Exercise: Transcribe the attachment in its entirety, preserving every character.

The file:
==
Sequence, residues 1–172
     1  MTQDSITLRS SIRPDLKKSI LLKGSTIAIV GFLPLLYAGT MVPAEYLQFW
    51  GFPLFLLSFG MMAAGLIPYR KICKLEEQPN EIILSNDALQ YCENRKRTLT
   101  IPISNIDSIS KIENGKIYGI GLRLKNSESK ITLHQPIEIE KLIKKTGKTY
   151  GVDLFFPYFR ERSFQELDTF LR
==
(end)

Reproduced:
Sequence, residues 1–172
     1  MTQDSITLRS SIRPDLKKSI LLKGSTIAIV GFLPLLYAGT MVPAEYLQFW
    51  GFPLFLLSFG MMAAGLIPYR KICKLEEQPN EIILSNDALQ YCENRKRTLT
   101  IPISNIDSIS KIENGKIYGI GLRLKNSESK ITLHQPIEIE KLIKKTGKTY
   151  GVDLFFPYFR ERSFQELDTF LR